As I filled out my NCAA bracket this year, I was struck by its potential for impact in the classroom. In order to make my decisions, I was relying heavily on higher order thinking skills, such as analysis and evaluation. For each bracket, I had to learn a bit about the two teams, compare and contrast the teams' strengths and weaknesses, and then decide which was the stronger contender. The very next day, I began a bracket competition in my AP European History class in which my students review by naming the most influential figure in European History.
I gave my students Spring Break to complete their brackets and for motivation, I offered one extra credit point for every bracket win. On our first day back from break, I heard about multiple intense Facebook discussions over especially contentious first round showdowns, such as Martin Luther vs. Karl Marx.
I broke up the bracket so that each day a manageable amount of "games" are played. Before class, I take a look at the brackets and make a cursory decision as to which figure I think would win, but make no final choice. For roughly the first twenty minutes of class, we go through the day's match ups. The class announces their pick, and if it coincides with mine, the decision is easy. If one student dissents, however, the floor opens to debate and my students' job is to convince me their choice is the best. The heated exchange pitting Jean-Jacques Rousseau against his real-life nemesis Voltaire was epic and entertaining! The nature vs. nurture debate, their ideas on the role of women in society, religious toleration, slavery, education, democracy vs. Enlightened Absolutism, the French Revolution, and the origins of socialism were all being argued back and forth to support the two cases. As the final arbiter, I choose a winner based on my own evaluation of the match up combined with the points made in the class debate. I have on several occasions reversed my preliminary decision due to a weak defense of my initial candidate and a strong argument in favor of the opponent. This situation, however, alerts me to a gap in the students' knowledge and presents an excellent opportunity for some on the spot reteaching.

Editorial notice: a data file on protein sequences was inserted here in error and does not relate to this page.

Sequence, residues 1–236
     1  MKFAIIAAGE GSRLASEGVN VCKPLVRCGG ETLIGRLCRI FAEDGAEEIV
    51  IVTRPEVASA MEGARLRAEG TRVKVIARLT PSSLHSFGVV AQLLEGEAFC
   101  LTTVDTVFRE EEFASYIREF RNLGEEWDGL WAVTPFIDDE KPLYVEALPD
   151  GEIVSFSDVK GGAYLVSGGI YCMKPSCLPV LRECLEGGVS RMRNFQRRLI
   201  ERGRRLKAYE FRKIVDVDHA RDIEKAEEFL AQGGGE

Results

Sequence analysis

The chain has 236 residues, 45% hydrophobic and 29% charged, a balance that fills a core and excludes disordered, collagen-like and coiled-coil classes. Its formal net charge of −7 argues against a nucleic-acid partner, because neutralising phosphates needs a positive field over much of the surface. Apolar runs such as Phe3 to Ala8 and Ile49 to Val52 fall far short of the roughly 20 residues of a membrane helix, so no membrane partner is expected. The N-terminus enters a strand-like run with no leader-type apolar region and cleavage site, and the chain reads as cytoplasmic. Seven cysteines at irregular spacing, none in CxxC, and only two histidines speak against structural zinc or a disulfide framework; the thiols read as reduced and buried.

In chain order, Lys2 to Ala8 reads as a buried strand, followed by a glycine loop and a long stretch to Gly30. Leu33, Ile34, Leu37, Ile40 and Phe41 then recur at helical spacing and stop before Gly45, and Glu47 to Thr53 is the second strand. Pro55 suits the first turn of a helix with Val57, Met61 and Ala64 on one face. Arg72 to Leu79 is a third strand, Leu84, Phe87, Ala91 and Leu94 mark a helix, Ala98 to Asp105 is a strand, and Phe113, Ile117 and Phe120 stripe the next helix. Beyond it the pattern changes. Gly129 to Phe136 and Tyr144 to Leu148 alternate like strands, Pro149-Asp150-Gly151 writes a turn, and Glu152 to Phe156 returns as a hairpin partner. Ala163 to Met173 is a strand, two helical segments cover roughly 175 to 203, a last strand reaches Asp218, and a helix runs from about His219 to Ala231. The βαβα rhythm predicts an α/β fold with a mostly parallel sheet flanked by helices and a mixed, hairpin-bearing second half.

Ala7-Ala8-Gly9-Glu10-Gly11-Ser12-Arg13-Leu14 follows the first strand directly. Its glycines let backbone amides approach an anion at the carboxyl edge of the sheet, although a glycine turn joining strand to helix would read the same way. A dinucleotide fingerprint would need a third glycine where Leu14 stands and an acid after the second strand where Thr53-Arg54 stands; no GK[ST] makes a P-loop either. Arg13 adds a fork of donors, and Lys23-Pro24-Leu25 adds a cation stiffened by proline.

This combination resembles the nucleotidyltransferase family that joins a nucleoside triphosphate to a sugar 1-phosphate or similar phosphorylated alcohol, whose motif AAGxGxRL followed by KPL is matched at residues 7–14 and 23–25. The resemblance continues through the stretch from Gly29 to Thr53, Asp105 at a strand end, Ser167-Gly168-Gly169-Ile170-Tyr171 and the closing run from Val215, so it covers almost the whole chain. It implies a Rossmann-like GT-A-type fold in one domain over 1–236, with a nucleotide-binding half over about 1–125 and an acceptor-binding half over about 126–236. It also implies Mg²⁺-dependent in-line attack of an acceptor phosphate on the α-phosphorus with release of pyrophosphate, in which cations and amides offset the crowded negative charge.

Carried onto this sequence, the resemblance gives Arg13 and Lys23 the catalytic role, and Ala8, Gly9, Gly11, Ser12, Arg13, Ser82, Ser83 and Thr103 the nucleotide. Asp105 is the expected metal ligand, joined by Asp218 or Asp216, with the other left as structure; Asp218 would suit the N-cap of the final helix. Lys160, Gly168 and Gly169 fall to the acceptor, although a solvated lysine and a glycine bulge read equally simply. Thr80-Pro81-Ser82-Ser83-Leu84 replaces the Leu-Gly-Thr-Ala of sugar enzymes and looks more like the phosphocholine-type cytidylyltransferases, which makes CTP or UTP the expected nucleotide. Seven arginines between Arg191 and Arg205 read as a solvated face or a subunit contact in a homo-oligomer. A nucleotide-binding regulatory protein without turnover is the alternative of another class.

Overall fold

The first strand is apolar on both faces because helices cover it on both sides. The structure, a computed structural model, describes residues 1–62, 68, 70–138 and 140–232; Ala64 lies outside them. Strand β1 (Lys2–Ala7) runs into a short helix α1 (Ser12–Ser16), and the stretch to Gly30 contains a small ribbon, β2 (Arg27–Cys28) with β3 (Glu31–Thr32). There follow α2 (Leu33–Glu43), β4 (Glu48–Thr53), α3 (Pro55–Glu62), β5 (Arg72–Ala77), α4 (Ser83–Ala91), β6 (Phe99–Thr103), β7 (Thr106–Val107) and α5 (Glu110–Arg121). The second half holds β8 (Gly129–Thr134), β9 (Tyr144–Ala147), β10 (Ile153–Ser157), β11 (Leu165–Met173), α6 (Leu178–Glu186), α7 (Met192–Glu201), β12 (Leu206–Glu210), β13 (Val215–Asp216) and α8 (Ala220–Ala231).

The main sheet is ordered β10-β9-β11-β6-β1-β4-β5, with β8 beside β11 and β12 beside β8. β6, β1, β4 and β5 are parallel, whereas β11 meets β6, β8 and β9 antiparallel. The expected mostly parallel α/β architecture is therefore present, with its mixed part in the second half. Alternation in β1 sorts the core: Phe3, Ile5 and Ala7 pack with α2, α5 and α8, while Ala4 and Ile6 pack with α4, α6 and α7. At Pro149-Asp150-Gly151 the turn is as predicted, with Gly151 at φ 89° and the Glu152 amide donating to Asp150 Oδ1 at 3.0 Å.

I found that even if students don't have any "skin in the game" for a particular bracket, they are still active participants in the debate. Since there are lots of extra credit points at stake, they enthusiastically help develop the arguments to support or thwart classmates whose bracket choices are still in play. The conversations continue in the hall, where I overhear discussions of the day's results. My former students have even come up to me to protest what they consider to be an upset.
The Elite Eight begins tomorrow, followed by the Final Four, and the Championship on April 11th. As the decisions become more difficult, the discussions are deepening and the learning intensifies. My students have unanimously agreed that this has been an enriching, productive, and fun learning experience, and a fantastic review for the AP Exam.
In preparing this blog post, I searched for other examples of bracketology in the classroom, and here are some finds:
- A great example in AP Government from Mr. Rimmey: The Most Influential Supreme Court Case
- Some cross-curricular ideas from the Aside Blog
- A Periodic Table bracket from Challonge.com
- A Presidential or States showdown from Ian Byrd